lua-users home
lua-l archive

[Date Prev][Date Next][Thread Prev][Thread Next] [Date Index] [Thread Index]

On Mon, Jun 27, 2011 at 5:25 PM, Luiz Henrique de Figueiredo <> wrote:
> but that isn't a reason to not add them to the language itself.

A language does not grow in a healthy way by adding things for which you
cannot find a reason to omit.

I'm not surprised to hear this argument from you as I've seen you post similar garbage before.  Frankly your reply is offensive and not at all constructive, rather that making such a childish statement, in the future please give a valid argument as to why a suggestion is not a good idea and you'll get a civil response from me.

There are many very good reasons to add an API or some other standard way to cap memory usage.  The obvious one being that anyone who needs to cap memory can do it by just calling the already existing API instead of reinventing the wheel or searching the internet and then copying someone else's code.  While it may be obvious to you that creating a custom allocator is a potential solution, that is not at all obvious to someone who is new to Lua even if they are a highly proficient C/C++ programmer.  In my opinion, the need to cap memory is such a common problem that it ought to be supported already without having to use a custom allocator or modify the Lua source code itself.  Certainly you can argue that I am an idiot and my opinion is wrong, but please provide evidence and reasoning behind your statement or do not reply at all if you cannot do so.

> change the current behavior so that t[x][y][z] will just return nil
> if t[x][y] is nil and t[x][y][z] = 'abc' would set t[x][y] = {} if
> t[x][y] was nil

This is easy:


I've seen this solution proposed before, I do read a high percentage of the posts on this list... but this does not fulfill the requirement that was stated very clearly if you had only bothered to read what I had said.  It also requires access to the debug library which may not be available in many environments.  If you are going to so casually dismiss my suggestions, at least propose a valid solution to the problem.  Not only does t[x][y] need to return nil if t[x] is nil, but t[x][y]=z should work if t[x] is nil.  Of course, I could use metatables to get this to work, but that requires writing extra code and setting the metatable every time I create a new table... isn't Lua supposed to be simple and easy to use?

Please tell me why you believe Lua has reached the perfect level of capabilities and does not need to evolve any further, and use arguments other than telling me how to do something by writing a lot of additional code.  By that argument we don't need Lua at all since I can do anything with C or even assembly language already, and certainly we do not need Lua 5.2 since there is nothing in Lua 5.2 that I can't already do with Lua 5.1 either directly, with C functions, or by modifying the Lua 5.1 VM myself.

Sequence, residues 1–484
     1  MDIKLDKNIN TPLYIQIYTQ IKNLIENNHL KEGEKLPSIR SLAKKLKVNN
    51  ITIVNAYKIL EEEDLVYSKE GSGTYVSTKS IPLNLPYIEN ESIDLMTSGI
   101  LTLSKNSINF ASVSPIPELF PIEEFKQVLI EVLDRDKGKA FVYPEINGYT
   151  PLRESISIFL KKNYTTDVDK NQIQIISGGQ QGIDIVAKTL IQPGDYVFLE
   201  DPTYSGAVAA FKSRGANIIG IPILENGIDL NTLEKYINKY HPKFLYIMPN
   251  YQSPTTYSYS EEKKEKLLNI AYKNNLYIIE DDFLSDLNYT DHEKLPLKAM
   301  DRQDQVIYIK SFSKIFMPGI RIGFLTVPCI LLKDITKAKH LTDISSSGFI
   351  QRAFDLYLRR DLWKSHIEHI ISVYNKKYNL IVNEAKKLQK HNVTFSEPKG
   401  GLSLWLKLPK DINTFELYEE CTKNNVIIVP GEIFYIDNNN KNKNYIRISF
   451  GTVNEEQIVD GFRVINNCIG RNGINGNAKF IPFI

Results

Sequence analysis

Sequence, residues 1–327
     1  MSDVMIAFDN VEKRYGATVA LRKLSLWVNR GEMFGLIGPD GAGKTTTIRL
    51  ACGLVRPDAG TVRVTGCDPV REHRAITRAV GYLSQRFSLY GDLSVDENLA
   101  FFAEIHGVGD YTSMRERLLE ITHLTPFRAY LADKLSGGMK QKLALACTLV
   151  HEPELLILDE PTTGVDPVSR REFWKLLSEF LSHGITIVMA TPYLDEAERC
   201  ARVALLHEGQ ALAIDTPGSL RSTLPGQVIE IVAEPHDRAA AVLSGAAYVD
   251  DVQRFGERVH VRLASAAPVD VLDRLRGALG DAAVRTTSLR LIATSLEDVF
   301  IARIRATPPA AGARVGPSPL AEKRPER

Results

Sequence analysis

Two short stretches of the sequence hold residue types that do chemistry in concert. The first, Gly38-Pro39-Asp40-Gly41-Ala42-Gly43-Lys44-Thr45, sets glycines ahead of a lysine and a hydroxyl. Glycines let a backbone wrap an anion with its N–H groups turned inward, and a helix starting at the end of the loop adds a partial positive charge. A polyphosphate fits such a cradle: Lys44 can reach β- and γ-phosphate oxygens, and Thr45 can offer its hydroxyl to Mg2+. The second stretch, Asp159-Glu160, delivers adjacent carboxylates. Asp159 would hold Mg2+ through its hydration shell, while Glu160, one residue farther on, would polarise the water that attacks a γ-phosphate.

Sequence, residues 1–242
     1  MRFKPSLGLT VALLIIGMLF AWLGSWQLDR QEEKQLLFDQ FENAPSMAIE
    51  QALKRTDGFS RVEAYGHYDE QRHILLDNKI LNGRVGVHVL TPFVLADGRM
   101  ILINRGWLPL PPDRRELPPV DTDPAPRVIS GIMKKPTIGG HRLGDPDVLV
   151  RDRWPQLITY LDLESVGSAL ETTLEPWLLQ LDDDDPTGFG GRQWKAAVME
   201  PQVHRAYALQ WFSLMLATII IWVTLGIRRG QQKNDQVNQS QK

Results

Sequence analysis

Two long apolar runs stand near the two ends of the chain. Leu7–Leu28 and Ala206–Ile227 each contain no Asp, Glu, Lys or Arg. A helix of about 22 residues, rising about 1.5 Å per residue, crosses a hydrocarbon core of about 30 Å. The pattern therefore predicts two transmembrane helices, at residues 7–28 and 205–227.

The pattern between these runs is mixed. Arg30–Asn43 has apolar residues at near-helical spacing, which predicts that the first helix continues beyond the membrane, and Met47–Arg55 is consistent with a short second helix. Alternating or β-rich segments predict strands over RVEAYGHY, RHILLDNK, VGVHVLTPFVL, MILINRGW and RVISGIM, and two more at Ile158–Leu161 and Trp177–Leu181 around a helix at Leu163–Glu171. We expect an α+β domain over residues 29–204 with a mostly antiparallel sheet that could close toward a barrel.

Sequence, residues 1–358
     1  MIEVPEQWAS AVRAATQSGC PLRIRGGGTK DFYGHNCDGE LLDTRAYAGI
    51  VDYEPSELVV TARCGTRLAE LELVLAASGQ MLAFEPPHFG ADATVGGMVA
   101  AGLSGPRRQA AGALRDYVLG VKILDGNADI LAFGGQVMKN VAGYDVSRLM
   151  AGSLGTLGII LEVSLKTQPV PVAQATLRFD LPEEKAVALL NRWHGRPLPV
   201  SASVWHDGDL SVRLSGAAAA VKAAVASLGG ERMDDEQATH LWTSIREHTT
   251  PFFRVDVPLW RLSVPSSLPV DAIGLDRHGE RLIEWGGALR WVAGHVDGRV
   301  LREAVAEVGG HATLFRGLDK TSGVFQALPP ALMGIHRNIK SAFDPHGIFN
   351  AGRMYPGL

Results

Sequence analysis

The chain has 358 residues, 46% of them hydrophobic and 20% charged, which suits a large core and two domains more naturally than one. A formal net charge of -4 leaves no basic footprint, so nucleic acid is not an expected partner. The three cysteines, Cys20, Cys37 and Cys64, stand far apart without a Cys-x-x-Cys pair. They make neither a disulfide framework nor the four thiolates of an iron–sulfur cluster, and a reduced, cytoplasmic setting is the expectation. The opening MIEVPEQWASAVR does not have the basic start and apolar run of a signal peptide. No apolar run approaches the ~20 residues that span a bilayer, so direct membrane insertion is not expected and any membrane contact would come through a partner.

From what I understand, one of the primary design goal behind Lua is to keep the language small and easy to use, thus things such as UTF8 support, regular expressions, etc have not been added to the language.  Certainly I can accept this argument, although I do not agree with it completely as it is also possible to have build options which allow these features to be removed in constrained environments.  You could also argue that you do not have the time/resources to add such features, and I can certainly understand that as well.  If that is the case then perhaps it is time for PUC-Rio to start accepting code contributions from others instead of maintaining Lua as a open source / closed contribution language. I am 100% sure that there are many people who read this list who would be very happy to contribute code that becomes part of the standard Lua language and there are certainly several people at least who have been around long enough that they would be able to continue to provide support for their contributions.

The point of all of this being that when proposals are offered that are small in scope and make the language easier to use the person who proposed such a feature deserves a response which is cordial and correct, not a response which is neither.  For all those reading this far or those having skipped to the end, I apologize for my ranting and do not mean to pollute this list with such nonsense, but for some reason I could not let this one go without a response.